FIG. 13 illustrates finger 1210 pointing slightly to the right of center of element 1230. In this example, a different effect is produced for element 1230. For example, instead of showing a single frame in freeze frame mode in element 1240, a pair of frames that are slowly scrolling from right to left may be presented in element 1240.
       FIG. 14 illustrates finger 1210 pointing to the right side of element 1230. In this example, another different effect is produced for element 1230. For example, instead of showing a single frame or a pair of slowly scrolling frames, a set (e.g., three) of frames that are scrolling by in a pseudo real-time mode may be presented.
      In one embodiment, the angle of finger 1210 may control the rate at which frames are scrolled. For example, when finger 1210 is perpendicular to element 1240, then frames may be frozen but as the angle between the device 1200 and finger 1210 decreases, the scroll rate may increase. In one embodiment, element 1230 may be removed while element 1240 is being used.
       FIGS. 12-14 illustrate a single user interface element 1230 that has at least three different shy sub-elements available. The different shy sub-elements include a freeze frame viewer, a slow motion viewer, and a pseudo real-time viewer. The three different shy sub-elements are selected by interacting with different portions of element 1230. Other shy sub-elements may be selected from other user interface elements in similar ways.
       FIG. 15 illustrates a device 1500 on which two user interface elements are displayed. Element 1520 may be, for example, a tile that indicates that it is associated with a productivity application (e.g., word processor). Element 1530 may be, for example, a tile that indicates that is associated with a photo album. Since finger 1510 has not approached to within a threshold distance of device 1500, the user interface elements 1520 and 1530 simply reveal their top level information. While the top level information is displayed, the user interface elements 1520 and 1530 may have hidden MSSUI.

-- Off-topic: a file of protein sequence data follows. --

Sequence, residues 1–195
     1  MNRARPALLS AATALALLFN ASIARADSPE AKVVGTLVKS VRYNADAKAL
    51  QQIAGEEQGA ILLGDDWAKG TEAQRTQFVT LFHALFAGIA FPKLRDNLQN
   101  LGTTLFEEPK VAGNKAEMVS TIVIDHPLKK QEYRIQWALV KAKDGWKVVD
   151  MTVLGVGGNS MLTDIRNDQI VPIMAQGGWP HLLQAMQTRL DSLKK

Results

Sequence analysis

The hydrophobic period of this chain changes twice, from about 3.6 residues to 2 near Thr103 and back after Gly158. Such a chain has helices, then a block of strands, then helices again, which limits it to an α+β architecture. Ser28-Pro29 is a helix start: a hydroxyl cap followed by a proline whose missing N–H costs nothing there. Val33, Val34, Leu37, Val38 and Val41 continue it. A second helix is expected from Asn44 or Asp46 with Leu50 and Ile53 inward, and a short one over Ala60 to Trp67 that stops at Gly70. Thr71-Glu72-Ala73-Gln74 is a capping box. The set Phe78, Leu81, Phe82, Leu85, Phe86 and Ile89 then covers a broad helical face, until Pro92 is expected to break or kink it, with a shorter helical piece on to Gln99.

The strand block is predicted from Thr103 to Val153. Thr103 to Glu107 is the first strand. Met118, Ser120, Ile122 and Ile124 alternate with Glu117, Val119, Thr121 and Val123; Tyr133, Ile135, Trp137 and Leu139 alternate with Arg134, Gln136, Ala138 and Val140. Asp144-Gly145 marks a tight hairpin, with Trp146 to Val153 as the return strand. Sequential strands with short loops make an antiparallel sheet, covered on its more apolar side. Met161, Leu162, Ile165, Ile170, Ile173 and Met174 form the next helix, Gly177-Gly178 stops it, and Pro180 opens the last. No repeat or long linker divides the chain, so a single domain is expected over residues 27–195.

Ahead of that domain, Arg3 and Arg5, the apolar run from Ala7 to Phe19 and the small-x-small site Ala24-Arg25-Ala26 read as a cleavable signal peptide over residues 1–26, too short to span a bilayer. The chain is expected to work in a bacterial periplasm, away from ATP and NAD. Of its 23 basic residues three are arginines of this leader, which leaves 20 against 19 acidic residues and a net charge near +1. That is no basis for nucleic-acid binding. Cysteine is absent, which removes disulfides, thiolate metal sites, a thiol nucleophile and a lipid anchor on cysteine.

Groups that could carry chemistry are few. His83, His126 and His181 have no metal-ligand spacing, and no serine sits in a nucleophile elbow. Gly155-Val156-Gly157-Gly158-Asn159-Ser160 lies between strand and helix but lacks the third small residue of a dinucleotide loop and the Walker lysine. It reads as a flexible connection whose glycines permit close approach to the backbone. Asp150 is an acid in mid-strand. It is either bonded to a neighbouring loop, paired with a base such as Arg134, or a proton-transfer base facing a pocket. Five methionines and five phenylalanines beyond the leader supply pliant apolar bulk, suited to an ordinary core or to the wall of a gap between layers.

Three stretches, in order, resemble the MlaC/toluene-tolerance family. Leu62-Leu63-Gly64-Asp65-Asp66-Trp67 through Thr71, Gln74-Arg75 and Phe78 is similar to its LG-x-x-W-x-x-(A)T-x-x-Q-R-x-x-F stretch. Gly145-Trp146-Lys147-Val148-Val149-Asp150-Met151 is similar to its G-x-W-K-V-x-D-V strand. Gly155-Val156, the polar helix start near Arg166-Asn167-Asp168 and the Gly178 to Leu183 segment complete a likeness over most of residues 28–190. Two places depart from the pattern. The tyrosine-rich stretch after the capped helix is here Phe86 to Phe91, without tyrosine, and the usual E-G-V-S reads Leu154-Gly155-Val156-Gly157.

FIG. 16 illustrates device 1500 after finger 1510 has approached to within a threshold distance of user interface element 1530. Folders 1531, 1532, 1533, 1534, 1535, and 1536 have been displayed. A photo viewer 1540 has also been displayed. The photos displayed in viewer 1540 may be associated with a folder (e.g., 1534) at which finger 1510 is pointing. Viewer 1540 may order photographs by, for example, the date they were taken, the data they were accessed, or in other orders.
       FIG. 17 illustrates device 1500 after finger 1510 has approached even closer to folder 1534 and has interacted with viewer 1540. Individual photos 1534E and 1534F are illustrated in a larger size than were the thumbnails in viewer 1540. Whether a previous photo (e.g., 1534D) or a subsequent photo (e.g., 1534G) will be presented next may depend on the angle of finger 1510, a direction in which finger 1510 moves, or other touch or hover related actions.